WATCH OUT FOR THAT ICEBERG!

Do you have conflict on your team?  When a conflict arises, do you view it as a problem with an individual or between two individuals? Does it feel like your workplace is always stuck in drama?  If you answered yes to any of these questions, read on to learn about a model I like to use with teams.

The Waterline model below is from Harrison, Scherer and Short.  There are other models out there, but I will use this one to explain some of the challenges in your organization.  

An executive team I was working with recently was having significant challenges.  We used the Waterline Model to start the conversation.  You can use this model to start a meeting when you are off target on your goals.

If everything is working, meaning your tasks are leading you to accomplish your goals, then you stay above the waterline.  You keep doing what you are doing, celebrate, capture lessons learned and try to keep up the momentum.

Watch out, iceberg ahead!  We all wish it were that easy.  Unfortunately, an obstacle or iceberg gets in the way and we need to dip below the waterline to diagnose the challenge and get back to accomplishing our tasks.  In this highly caffeinated world, we need to do this ASAP.

There are four key areas below the waterline:

1.      Structure (Clarity of goals, results, mission, vision, decision-making, sponsorship)

2.      Group (Inclusion, roles in the group, decision making in the group, who’s in and who’s out)

3.      Inter-personal (drama between 2 people, conflict, feedback and communication breakdowns, misunderstandings and who did what to whom!)

4.      Intra-personal (values and beliefs, stress, emotional intelligence, assumptions)

When a problem arises, where do most people go?  Yep, you’ve got this…right to the blame game!  We throw the individual off the bus with their intra-personal challenges!  I would say 80% of my clients start in the bottom two areas.  Sometimes this is effective, but really 80% of the time should be spent in the top two areas.

I would challenge you to start at the top and work your way down.  Ask yourself questions like:

1.      Do we have clear goals?

2.      Do we know who the decision makers are for this project or work?

3.      Does the work we are doing align with our mission and vision?

4.      Do we have the right people on the team/project?

5.      Do they have the authority to make the decisions required to get us back on task?

Generally, I find that when a team or individual is not hitting their goals, it is because of unclear expectations, poor decision making criteria, unclear roles, or lack of clarity of purpose of the team.  I ask leaders to make the assumption that people come to work to do a good job and want to accomplish their goals (yes, I know there are a few slackers, but those are the exception not the rule.)  If we reset expectations, clarify decision making and ensure the right people are in the room, then we normally get back to accomplishing our goals and do not have to get down to inter-personal or intra-personal conflict.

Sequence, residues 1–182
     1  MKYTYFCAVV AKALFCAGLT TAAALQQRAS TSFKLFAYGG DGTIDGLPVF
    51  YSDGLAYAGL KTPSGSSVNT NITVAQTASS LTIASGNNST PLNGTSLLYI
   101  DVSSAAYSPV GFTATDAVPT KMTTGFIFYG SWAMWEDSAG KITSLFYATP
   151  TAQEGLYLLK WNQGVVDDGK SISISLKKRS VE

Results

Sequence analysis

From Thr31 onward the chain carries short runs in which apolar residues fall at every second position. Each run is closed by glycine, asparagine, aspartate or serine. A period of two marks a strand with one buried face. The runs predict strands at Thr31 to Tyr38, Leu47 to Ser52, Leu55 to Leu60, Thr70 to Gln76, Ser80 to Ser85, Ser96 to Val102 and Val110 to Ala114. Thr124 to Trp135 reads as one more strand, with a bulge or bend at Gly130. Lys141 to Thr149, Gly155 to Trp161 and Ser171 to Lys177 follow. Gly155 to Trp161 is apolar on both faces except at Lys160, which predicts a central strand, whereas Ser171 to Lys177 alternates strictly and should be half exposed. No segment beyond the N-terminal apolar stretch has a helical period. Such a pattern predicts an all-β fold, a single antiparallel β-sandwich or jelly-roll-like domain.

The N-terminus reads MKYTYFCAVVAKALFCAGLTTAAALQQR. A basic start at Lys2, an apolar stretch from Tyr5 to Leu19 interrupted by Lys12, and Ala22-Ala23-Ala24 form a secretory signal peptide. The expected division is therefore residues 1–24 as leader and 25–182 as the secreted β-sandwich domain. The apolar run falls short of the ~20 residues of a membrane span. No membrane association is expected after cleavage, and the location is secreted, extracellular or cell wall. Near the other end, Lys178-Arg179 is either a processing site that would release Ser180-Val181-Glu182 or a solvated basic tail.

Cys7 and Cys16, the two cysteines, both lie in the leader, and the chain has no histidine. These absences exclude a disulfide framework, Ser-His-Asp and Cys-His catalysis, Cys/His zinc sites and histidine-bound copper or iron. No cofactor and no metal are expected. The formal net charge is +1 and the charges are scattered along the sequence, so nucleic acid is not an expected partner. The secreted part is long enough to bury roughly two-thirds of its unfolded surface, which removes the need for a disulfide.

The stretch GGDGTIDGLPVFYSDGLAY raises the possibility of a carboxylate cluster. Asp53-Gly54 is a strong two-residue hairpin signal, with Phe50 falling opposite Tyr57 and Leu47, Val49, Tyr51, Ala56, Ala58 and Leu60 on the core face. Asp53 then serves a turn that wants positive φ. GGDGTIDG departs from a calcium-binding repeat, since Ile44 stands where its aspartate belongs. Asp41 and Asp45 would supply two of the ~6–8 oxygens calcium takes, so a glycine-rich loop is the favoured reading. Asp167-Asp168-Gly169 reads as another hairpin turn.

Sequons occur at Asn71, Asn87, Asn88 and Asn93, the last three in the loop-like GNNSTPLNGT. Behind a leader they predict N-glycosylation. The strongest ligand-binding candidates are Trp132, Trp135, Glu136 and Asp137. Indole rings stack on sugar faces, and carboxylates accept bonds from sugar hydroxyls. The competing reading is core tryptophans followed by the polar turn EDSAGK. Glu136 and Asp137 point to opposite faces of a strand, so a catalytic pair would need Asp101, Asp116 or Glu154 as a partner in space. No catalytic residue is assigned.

Okay, I see you rolling your eyes.  Yes, there are times when it is inter-personal or the individual’s work.  Here is my challenge to you:  be open to starting higher in the model and then work your way down.  If it is an inter-personal challenge, I suggest a 3-way conversation where you facilitate clarity on goals and set-up ground rules for how these two individuals will get along.  If it is an intra-personal challenge, then I think you give clear, specific feedback on where they are missing the mark and follow-up consistently until either the performance is up above the waterline or you ask them to exit the organization.

Wrapping up…the team that I originally discussed realized that they had done a poor job assembling teams.  They put people together, but did not give them the ability to make decisions.  Also, they tended to see their peers as obstacles and not assets that could accomplish the goals that they all wanted to hit.  Once they realized this, they set clearer expectations, changed the membership of the teams and they were PERFECT!  Well, not perfect, but they did get much better and they are much closer to their results now thanks to using the model and sharing feedback with one another.

Your challenge:  if your team is off target, have you diagnosed where the breakdowns are?  I encourage you to start just below the waterline and work your way down.  Good luck and let me know your results.